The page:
by News Agencies and Israel Hayom Staff
U.S. is worried Iran is seeking "central nervous system-acting chemicals for offensive purposes," Kenneth Ward tells Organisation for Prohibition of Chemical Weapons
Iran has not declared all its chemical weapons capabilities to the global Organisation for the Prohibition of Chemical Weapons, in violation of international nonproliferation conventions, the U.S. ambassador to the organization said on Thursday.
Ambassador Kenneth Ward told an OPCW conference in The Hague that Iran had failed to report a production facility for the filling of aerial bombs and maintains a program to obtain banned toxic munitions.
"The United States has had longstanding concerns that Iran maintains a chemical weapons program that it has failed to declare to the OPCW," Ward said.
"The United States is also concerned that Iran is also pursuing central nervous system-acting chemicals for offensive purposes."
Iran failed to declare the transfer of chemical weapons to Libya in the 1980s, even after Libya declared them to the OPCW in 2011, he said.
Ward cited the discovery of chemical-filled artillery projectiles, mortars and aerial bombs of Iranian origin as proof that Iran did not fully disclose its capabilities.
Iran denied the claims on Friday, describing the U.S. allegation as groundless, state TV reported.
"Once again America has leveled groundless accusations against Iran ... which we strongly reject," Foreign Ministry spokesman Bahram Qasemi was quoted as saying by Iranian TV.
Qasemi said Washington's aim is to divert international attention from its continued support for Israeli chemical arsenals.
Tensions have increased between the U.S. and Iran since May, when U.S. President Donald Trump pulled out of the 2015 nuclear deal between Iran and six major powers and reimposed sanctions.
The U.N. atomic watchdog policing the pact reaffirmed on Thursday that Iran was implementing its side of the nuclear deal, two weeks after the latest wave of reimposed U.S. sanctions against Iran took effect.
"Iran is implementing its nuclear-related commitments under the Joint Comprehensive Plan of Action [the official name of the nuclear accord]," International Atomic Energy Agency Director General Yukiya Amano told a quarterly meeting of the agency’s 35-nation Board of Governors.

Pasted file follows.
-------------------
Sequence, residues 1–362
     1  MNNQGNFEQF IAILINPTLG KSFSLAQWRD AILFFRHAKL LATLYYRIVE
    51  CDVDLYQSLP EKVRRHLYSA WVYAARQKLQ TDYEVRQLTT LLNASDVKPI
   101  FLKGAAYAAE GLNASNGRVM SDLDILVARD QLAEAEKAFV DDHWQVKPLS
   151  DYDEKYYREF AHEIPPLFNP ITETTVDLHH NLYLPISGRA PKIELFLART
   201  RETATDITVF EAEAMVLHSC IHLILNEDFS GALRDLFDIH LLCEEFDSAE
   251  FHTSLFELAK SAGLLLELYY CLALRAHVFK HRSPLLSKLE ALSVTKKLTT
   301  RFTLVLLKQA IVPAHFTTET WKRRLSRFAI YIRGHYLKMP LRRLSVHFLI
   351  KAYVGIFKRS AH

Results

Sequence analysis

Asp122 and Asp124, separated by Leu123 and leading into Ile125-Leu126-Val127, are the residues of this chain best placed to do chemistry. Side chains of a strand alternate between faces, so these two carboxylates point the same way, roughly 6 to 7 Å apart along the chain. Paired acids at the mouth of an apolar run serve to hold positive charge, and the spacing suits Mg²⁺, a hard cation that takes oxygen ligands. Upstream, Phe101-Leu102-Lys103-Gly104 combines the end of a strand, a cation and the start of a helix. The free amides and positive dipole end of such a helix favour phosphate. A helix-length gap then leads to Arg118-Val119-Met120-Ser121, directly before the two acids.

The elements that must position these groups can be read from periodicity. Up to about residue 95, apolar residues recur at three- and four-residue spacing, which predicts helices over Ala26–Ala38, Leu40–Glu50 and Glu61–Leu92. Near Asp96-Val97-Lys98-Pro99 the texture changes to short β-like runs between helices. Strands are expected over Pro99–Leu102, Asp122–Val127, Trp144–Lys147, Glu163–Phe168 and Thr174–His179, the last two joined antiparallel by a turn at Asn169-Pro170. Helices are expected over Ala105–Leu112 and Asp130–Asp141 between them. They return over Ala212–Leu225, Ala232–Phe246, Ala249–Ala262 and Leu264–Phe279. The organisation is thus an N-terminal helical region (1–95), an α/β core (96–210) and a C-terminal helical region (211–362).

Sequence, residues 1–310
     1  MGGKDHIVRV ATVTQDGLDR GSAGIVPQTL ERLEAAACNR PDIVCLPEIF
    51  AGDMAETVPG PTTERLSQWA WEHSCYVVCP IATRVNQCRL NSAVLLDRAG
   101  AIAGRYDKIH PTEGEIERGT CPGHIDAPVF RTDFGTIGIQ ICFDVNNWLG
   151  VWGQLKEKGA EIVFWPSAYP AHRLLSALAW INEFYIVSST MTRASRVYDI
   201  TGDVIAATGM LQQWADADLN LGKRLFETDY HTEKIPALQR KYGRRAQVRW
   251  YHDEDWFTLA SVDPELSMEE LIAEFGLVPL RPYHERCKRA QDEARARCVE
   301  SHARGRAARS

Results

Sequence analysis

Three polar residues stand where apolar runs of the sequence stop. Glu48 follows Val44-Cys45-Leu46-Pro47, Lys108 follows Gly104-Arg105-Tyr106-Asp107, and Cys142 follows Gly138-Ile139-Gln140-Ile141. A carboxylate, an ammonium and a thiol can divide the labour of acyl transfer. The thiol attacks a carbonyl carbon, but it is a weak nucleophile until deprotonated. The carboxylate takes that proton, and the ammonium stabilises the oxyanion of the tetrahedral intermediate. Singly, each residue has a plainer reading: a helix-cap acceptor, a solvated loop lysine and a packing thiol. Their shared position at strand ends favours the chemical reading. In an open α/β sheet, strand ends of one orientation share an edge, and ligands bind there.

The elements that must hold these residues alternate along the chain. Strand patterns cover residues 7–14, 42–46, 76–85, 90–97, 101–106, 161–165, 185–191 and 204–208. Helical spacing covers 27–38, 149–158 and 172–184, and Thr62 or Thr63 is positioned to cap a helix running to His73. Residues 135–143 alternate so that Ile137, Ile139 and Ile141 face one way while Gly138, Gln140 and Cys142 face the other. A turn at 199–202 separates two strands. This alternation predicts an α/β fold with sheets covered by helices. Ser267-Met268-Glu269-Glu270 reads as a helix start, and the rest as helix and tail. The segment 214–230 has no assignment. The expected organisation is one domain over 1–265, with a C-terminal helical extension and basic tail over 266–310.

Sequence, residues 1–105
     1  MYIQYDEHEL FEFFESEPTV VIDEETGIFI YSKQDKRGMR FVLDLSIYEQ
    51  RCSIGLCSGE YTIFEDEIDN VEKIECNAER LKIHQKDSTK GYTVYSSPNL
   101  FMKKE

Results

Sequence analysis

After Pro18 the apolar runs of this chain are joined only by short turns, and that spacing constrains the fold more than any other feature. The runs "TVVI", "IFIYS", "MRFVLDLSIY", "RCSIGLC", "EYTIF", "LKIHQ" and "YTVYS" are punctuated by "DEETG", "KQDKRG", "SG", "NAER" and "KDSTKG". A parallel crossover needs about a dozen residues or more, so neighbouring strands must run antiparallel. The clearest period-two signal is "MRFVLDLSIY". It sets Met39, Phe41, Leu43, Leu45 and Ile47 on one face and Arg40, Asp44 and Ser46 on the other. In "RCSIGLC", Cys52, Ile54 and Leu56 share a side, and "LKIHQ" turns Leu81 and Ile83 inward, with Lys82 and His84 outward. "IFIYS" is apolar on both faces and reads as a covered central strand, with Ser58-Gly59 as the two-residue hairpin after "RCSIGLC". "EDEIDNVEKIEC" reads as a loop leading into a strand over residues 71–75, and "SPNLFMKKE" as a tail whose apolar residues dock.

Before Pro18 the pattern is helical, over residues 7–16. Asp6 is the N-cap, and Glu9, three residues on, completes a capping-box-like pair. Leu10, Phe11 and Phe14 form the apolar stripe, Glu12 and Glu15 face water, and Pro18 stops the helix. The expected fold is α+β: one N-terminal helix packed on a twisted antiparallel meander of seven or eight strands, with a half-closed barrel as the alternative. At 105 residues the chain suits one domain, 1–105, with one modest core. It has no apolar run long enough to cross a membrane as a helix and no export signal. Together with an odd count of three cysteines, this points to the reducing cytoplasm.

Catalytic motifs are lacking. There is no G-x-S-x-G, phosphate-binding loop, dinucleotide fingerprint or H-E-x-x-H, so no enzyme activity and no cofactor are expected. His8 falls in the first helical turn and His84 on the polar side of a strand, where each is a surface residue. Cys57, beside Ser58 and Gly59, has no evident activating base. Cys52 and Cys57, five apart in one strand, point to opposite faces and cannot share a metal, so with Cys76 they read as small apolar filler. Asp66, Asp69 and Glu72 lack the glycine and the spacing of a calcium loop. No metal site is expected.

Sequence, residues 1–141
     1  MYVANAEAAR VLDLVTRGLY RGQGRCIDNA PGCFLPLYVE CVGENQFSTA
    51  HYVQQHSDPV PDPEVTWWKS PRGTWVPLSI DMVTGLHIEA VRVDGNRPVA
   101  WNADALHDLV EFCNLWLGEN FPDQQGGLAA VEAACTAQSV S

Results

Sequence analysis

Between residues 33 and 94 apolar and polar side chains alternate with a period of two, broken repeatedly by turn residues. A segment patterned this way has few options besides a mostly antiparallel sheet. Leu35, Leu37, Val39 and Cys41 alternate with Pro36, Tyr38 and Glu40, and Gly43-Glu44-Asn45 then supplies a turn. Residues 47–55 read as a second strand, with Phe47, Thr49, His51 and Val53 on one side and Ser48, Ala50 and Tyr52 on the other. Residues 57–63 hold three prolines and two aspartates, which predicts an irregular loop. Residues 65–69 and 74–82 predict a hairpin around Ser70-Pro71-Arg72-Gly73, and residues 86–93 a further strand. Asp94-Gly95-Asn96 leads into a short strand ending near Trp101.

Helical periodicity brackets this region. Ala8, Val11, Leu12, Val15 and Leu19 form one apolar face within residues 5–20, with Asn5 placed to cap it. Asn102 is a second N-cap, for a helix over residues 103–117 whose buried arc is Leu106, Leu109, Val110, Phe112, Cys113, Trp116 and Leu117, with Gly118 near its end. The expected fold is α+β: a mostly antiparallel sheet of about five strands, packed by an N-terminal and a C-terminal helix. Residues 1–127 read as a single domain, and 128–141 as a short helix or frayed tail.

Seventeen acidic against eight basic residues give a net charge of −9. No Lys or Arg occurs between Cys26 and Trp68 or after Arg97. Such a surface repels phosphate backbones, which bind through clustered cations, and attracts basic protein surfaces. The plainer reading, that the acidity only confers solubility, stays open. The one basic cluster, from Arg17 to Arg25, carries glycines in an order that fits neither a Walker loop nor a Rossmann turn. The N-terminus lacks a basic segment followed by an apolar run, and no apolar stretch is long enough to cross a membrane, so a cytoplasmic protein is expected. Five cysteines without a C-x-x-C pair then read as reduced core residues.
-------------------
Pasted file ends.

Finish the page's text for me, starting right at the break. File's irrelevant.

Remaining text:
"It is essential that Iran continues to fully implement those commitments," he said, confirming the findings of a confidential report to IAEA member states last week.
Amano did not comment on the broader impact of U.S. sanctions, the latest round of which took effect on Nov. 5. Iran has warned it could scrap the deal if signatories France, Britain and Germany and their allies fail to preserve the economic benefits promised by its terms.
The European powers have been working on setting up a so-called special-purpose vehicle that would act as a kind of clearing house to match Iranian exports with EU exports in what amounts to a barter arrangement to circumvent U.S. sanctions.
But the countries they have approached to host it have declined, diplomats say, delaying the project and deepening doubt as to whether Europeans can counteract the bulk of U.S. sanctions targeting oil and other vital sources of income.
Iranian Foreign Minister Mohammad Javad Zarif said Iran has no intention of renegotiating the 2015 nuclear deal.
Speaking at an international conference in Rome, Zarif said the Iranian people would endure the U.S. sanctions.
News Agencies and Israel Hayom Staff
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